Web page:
Is It Possible To Mate Different Woods In A Scarf Joint ?

Discussion in 'Guitar Building' started by adamb, Aug 31, 2016.

  1. adamb

    adamb New Member

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    Hi all,

    as the title indicates, I'm wondering what the rule is regarding scarf joints and mixing of wood types? I'm thinking of a mahogany neck with an ebony headstock. Does anyone see or know of issues arising when mixing like this? Has anyone done this and if so were there any issues?

    What's the consensus?

    Thanks!
     
  2. Adam

    Adam Well-Known Member

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    On a lot of my builds I have matched the headstock piece with the body wood. Nothing wrong with that. The only issue I would consider is if it's an oily wood or not, but ebony isn't, so you should be fine.
     
  3. KnightroExpress

    KnightroExpress Active Member

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    Sure, no worries!
     
  4. pshupe

    pshupe Member

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    Absolutely. I just saw a really cool scarf joint on a guitar that had, what I believe was, a maple skunk stripe that had a maple scarf jointed headstock. It looked supercool!

    Cheers Peter.
     
  5. Fret Hopper

    Fret Hopper Member

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    Peter,
    Did the neck look anything like this?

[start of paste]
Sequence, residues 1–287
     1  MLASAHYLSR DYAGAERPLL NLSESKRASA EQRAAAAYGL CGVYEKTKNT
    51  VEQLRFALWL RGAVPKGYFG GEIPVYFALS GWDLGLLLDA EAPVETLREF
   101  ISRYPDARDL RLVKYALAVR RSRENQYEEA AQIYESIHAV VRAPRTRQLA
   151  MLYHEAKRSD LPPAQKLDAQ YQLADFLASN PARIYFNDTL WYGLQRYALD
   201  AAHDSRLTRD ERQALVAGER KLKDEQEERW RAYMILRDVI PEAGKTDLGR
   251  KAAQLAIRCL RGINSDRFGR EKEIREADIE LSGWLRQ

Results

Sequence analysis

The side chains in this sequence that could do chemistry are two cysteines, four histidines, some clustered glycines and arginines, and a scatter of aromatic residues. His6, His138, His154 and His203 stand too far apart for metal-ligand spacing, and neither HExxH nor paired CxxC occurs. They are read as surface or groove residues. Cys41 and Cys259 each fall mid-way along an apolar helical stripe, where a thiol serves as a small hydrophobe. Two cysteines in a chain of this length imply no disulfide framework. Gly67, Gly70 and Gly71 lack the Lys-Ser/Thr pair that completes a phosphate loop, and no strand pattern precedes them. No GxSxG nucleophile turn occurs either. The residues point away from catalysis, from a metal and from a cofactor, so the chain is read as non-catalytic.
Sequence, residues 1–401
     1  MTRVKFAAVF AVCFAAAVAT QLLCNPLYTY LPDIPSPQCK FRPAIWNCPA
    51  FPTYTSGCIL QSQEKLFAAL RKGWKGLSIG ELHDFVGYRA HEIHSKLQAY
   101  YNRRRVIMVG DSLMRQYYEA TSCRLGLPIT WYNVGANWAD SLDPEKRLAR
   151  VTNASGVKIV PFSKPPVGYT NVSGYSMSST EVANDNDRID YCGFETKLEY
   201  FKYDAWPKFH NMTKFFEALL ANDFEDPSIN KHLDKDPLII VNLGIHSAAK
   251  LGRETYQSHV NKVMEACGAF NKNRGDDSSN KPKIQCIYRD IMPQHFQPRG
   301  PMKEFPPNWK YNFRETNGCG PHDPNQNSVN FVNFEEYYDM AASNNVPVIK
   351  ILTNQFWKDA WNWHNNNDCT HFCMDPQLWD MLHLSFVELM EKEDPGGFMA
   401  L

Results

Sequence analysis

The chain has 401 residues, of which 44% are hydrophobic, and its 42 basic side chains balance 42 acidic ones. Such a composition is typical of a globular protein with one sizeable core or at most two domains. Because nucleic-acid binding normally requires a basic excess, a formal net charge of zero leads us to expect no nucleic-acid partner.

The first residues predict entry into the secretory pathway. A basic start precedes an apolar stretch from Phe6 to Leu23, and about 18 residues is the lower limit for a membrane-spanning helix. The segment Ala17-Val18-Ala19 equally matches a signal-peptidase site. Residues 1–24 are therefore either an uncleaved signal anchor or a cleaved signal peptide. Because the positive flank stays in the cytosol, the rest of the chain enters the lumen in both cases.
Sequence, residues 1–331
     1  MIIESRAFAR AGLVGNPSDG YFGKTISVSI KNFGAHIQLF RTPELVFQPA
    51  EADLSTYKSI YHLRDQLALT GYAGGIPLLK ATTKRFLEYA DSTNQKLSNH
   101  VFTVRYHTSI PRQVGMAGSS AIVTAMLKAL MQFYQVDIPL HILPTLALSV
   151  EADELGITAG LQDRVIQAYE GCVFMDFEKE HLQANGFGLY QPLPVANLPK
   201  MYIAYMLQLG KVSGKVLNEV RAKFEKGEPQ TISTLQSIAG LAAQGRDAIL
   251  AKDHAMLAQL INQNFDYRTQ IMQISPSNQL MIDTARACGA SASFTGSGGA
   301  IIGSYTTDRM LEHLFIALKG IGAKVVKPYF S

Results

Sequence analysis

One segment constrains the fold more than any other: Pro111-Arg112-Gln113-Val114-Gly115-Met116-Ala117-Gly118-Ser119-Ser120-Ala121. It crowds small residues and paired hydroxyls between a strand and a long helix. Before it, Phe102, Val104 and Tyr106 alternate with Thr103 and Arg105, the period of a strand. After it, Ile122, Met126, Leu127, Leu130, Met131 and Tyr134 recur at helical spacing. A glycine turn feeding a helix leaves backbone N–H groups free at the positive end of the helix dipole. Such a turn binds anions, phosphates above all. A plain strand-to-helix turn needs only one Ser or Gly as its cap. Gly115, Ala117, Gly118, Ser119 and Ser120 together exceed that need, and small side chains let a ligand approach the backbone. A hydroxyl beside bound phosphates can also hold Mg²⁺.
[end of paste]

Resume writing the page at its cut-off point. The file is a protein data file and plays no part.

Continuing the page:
[​IMG]

    [​IMG]

    From the ozone...

    Mark
     
  6. Fret Hopper

    Fret Hopper Member

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    Another shot...or two...
    [​IMG]
    [​IMG]
    The angle distorts the actual size of the body, which is much smaller than it appears in the pictures,

    From the ozone...
     
  7. EvilAsh

    EvilAsh New Member

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    Holy flip, that looks nice!

    I wonder, are there any draw backs to having the 45degree angled strips of maple on the neck, could they be weak spots? I'm sure yours is fine, but I thought I would ask in case I tried something similar in future!
     
    Last edited: Sep 9, 2016
  8. Adam

    Adam Well-Known Member

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    Looks more like 15 degrees to me, and no, should be plenty strong.
     
  9. Fret Hopper

    Fret Hopper Member

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    Adam is damn close. It is actually about 12 degrees, same angle for both scarf joints.

    And if you note it is a maple head stock veneer. I did that so it ties everything together.

    Started applying finish a couple days ago. Put a light honey amber dye on the body, with a very light Bordeaux dye wash over that, except on the maple. Maple only has the honey amber. Then aqua coat grain filler. Putting acrylic clear lacquer over that.

    From the ozone...

    Mark
     
    HEADKNOCKER likes this.
  10. pshupe

    pshupe Member

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    Yes that is the one. That looks amazing. I like scarf joints, especially like that. I usually do a laminated neck and then add ears. I find this is the easiest way to cut out a neck. Adding the ears keeps the blank quite thin, making the side profile much wider, which is much easier to use a table saw and / or band saw to cut the profile. I might try a scarf joint like that though at some point just because it is awesome looking IMO.

    Cheers Peter.
     
  11. KEAguitars

    KEAguitars Member

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    Yup, i use multiple pieces in my scarfs all the time.
    [​IMG]
     
    VictOr358, Fret Hopper and pshupe like this.
  12. Fret Hopper

    Fret Hopper Member

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    KEA,
    Very nice. Do you run into any problems lining up the five piece sections? Any methods you use to keep them in line?

    From the ozone...

    Mark
     

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